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West Virginia lawmakers swiftly passed bills during a Monday special session that would invest millions of dollars into road maintenance work and create a program to incentivize businesses that want to utilize renewable energy to come to the state or expand operations.
As legislators wrapped up for the day, Republican House Majority Leader Del. Amy Summers announced lawmakers will resume work Tuesday on legislation addressing state abortion law and lowering the state income tax.
In late July, the Republican supermajority paused work on an abortion bill that would have barred access to abortions in most circumstances after they couldn’t agree on what the final version of the bill should look like. A version of the bill with some exemptions for rape and incest victims passed the House, but it stalled after the Senate adopted its own version with amendments, one of which removed criminal penalties for physicians who perform illegal abortions. Instead, delegates asked for a conference committee to iron out differences.
Several GOP-led states had “trigger” abortion bans in place in advance of the U.S. Supreme Court’s ruling to repeal Roe v. Wade, but West Virginia lawmakers are taking action because of legal uncertainty over whether a ban from the 1800s that was upended by the 1973 decision could be enforced now.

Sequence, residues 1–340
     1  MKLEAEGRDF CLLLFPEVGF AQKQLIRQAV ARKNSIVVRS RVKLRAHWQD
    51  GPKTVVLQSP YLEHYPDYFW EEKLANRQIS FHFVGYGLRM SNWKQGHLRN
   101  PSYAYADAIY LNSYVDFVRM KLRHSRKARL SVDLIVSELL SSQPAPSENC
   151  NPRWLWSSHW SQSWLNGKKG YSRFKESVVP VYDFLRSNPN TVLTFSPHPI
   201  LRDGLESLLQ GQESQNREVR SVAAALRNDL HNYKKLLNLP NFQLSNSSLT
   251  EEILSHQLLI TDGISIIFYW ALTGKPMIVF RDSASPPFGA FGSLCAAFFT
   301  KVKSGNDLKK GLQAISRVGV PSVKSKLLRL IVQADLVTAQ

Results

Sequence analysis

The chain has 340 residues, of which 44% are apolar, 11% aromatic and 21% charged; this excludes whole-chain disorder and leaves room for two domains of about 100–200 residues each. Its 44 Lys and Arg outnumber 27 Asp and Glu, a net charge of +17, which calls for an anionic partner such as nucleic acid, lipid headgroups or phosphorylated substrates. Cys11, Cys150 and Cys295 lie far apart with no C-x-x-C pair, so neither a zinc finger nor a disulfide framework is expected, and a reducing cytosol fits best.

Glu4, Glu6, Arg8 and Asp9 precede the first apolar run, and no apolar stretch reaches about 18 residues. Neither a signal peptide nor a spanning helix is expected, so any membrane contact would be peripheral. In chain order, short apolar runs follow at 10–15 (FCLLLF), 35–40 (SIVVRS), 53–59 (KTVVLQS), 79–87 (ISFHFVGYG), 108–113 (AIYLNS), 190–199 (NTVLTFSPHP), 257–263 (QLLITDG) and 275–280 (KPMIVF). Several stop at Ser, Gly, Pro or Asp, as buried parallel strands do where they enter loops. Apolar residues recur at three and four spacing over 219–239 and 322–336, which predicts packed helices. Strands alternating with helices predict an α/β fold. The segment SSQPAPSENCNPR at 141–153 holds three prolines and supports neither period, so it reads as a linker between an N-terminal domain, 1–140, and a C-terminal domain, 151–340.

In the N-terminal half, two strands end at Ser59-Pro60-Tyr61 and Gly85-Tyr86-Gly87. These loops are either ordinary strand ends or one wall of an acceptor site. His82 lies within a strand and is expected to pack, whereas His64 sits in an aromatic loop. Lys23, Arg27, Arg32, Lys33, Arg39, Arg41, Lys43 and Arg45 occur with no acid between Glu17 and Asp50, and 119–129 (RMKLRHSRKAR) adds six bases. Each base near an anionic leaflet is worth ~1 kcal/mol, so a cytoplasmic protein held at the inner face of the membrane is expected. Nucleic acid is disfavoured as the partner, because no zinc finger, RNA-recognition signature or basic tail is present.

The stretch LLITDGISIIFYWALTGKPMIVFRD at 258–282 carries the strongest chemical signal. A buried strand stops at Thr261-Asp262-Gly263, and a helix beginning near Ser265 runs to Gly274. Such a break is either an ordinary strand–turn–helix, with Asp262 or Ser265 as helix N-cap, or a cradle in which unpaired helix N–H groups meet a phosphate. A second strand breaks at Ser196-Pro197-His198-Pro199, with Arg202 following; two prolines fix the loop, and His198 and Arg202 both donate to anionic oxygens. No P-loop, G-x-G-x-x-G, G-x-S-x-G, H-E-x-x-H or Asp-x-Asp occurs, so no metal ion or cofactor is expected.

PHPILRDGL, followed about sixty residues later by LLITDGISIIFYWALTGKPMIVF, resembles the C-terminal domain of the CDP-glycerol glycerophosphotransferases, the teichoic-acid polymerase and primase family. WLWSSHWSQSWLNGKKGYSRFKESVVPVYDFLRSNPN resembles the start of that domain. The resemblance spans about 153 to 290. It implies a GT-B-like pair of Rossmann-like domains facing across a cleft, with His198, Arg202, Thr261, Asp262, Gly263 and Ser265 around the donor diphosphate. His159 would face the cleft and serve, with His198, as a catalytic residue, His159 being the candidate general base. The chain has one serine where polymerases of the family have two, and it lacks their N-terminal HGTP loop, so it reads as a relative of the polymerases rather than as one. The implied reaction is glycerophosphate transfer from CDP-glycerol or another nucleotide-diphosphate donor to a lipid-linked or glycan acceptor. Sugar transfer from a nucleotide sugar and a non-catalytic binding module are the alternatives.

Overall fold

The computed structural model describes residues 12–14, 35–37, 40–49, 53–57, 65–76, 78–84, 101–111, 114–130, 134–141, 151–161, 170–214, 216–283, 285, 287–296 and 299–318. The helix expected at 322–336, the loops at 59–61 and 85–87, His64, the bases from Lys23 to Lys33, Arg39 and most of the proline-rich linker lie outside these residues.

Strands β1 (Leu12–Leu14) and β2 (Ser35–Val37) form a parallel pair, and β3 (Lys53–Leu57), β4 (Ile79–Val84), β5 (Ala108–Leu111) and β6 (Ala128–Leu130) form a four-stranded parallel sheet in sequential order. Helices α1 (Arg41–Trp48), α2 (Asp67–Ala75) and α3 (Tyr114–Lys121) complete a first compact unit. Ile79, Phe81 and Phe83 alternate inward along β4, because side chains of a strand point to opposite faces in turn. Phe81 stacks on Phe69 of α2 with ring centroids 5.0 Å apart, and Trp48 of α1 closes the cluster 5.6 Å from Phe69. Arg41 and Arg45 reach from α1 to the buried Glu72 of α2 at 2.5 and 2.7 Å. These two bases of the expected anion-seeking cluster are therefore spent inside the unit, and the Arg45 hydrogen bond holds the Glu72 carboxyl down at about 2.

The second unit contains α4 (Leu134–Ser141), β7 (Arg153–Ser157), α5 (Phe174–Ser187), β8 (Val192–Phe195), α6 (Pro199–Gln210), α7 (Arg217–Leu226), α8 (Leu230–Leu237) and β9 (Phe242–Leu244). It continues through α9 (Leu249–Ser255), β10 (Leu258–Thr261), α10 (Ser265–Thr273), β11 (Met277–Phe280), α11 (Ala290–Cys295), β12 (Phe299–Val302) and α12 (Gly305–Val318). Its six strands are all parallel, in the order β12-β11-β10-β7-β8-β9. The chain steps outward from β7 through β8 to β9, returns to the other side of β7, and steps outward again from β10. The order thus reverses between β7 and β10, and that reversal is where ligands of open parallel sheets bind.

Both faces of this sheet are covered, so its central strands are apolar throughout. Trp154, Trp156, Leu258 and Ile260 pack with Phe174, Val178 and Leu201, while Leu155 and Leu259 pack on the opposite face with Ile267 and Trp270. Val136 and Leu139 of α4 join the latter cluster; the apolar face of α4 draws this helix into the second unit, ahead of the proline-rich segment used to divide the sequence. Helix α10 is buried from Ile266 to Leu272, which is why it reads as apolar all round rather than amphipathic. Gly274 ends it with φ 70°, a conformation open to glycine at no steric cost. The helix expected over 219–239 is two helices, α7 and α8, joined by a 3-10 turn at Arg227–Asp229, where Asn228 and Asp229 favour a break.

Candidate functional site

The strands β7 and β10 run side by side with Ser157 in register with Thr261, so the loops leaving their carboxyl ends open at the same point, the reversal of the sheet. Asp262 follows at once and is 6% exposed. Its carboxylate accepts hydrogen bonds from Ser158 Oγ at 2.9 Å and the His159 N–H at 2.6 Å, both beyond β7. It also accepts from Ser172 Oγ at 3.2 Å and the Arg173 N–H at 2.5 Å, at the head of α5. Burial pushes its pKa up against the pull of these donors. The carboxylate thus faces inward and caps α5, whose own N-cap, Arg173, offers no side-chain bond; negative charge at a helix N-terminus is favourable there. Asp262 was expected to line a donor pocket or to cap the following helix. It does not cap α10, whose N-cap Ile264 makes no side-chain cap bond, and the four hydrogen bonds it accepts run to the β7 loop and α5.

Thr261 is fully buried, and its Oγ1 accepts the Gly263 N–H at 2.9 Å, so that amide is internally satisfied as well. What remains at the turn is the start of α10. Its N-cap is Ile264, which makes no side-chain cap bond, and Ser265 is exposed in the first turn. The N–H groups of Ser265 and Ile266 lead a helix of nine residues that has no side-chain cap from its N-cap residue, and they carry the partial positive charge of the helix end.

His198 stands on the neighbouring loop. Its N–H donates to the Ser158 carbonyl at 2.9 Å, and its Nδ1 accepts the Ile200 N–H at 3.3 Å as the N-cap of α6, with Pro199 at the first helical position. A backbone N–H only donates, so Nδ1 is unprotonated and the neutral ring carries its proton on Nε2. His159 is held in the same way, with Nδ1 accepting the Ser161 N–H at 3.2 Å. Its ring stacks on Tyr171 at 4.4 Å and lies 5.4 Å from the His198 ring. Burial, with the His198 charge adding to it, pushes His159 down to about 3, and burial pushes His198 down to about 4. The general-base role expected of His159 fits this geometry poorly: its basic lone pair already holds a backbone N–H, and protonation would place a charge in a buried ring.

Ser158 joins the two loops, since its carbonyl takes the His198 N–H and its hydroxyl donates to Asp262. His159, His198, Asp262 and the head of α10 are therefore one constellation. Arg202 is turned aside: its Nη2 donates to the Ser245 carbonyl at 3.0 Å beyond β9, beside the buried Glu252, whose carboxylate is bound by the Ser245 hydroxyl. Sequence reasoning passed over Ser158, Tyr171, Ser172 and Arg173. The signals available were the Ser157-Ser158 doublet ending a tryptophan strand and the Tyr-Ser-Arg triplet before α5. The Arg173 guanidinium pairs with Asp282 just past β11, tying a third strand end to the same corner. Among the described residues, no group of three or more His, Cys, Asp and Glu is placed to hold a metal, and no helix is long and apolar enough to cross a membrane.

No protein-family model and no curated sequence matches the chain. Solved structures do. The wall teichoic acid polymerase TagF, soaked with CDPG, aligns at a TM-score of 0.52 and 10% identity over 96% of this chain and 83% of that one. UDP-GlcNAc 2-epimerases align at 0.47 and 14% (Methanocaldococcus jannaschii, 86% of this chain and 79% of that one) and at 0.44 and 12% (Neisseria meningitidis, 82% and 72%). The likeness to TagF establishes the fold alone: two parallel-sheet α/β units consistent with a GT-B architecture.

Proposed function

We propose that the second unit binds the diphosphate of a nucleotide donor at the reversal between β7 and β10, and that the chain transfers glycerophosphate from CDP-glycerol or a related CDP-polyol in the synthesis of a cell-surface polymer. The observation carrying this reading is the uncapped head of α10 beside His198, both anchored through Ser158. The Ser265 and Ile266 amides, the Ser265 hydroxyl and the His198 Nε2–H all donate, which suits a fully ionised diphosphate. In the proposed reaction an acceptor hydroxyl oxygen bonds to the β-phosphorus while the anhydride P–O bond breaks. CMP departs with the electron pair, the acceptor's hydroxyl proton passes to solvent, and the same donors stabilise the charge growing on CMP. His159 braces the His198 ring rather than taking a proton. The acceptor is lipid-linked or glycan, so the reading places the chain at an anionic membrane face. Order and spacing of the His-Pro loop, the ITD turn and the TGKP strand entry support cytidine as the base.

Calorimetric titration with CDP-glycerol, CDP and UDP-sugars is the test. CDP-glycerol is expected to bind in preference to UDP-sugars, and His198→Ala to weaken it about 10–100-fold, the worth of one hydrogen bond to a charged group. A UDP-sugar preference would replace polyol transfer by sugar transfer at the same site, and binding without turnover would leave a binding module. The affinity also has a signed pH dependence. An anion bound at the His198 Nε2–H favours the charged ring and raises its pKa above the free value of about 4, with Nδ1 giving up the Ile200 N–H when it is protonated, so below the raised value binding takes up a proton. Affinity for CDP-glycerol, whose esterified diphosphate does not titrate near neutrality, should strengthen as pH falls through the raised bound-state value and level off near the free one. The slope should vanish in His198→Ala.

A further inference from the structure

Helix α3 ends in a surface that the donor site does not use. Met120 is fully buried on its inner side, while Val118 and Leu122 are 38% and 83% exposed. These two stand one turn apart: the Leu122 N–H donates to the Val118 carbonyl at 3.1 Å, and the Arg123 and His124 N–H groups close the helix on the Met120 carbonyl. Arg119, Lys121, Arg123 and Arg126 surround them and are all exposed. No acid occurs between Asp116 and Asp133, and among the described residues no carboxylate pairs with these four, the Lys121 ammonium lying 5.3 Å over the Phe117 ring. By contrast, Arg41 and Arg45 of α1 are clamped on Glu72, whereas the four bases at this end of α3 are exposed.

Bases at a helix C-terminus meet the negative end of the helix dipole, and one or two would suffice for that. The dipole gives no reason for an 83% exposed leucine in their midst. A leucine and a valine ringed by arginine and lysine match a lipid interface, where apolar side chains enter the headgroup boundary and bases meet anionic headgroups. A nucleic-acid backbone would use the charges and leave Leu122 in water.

For the time being, abortions remain legal up to 20 weeks gestation in West Virginia after a judge blocked enforcement of the state’s 150-year-old abortion ban.
But that could change this week. After legislators gaveled out Monday evening, a group of around 100 protestors holding signs with messages like “abortion rights are human rights” rallied outside Republican Gov. Jim Justice’s mansion, where lawmakers were attending a cookout.
“Abortion bans put politicians where they don’t belong: in charge of other people’s private medical decisions,” said Alisa Clements, director of public affairs for Planned Parenthood South Atlantic, who was present at the protest. “No matter how many narrow exceptions are written into this dangerous bill, it will cause chaos in the health care system and result in people being denied life-saving care.”
One bill that passed Monday would allow for the creation of two approximately 2,250-acre districts — similar to industrial parks — where a cluster of businesses have the opportunity to generate and share renewable energy on-site. The districts would not be subject to the jurisdiction of the Public Service Commission.
The districts would be created by the Department of Economic Development and must demonstrate a significant economic impact to the state by attracting at least two new or expanded businesses. The districts must be on land sold or leased by a state or municipality or on land previously used for coal mining.
Speaking during a House Judiciary meeting, Department of Economic Development Secretary Mitch Carmichael said the legislation would benefit at least one proposed project in Jackson County on the Ohio border. He said negotiations had been ongoing on the project for around six months, but did not say what companies are involved.
The project would be coming into land currently owned by the Department of Economic Development valued at around $25 million, he said.
Carmichael said his father worked at the site in a plant that was built in 1957 and shut down around 2009.
“It devastated that community, and now to see the resurgence of it, and a new world-class manufacturing facility in an aerospace industry, what it will do for that community and the region and the area is just immeasurable,” he said.
Another bill would transfer $150 million from the unappropriated surplus fund to the Division of Highways for secondary road maintenance.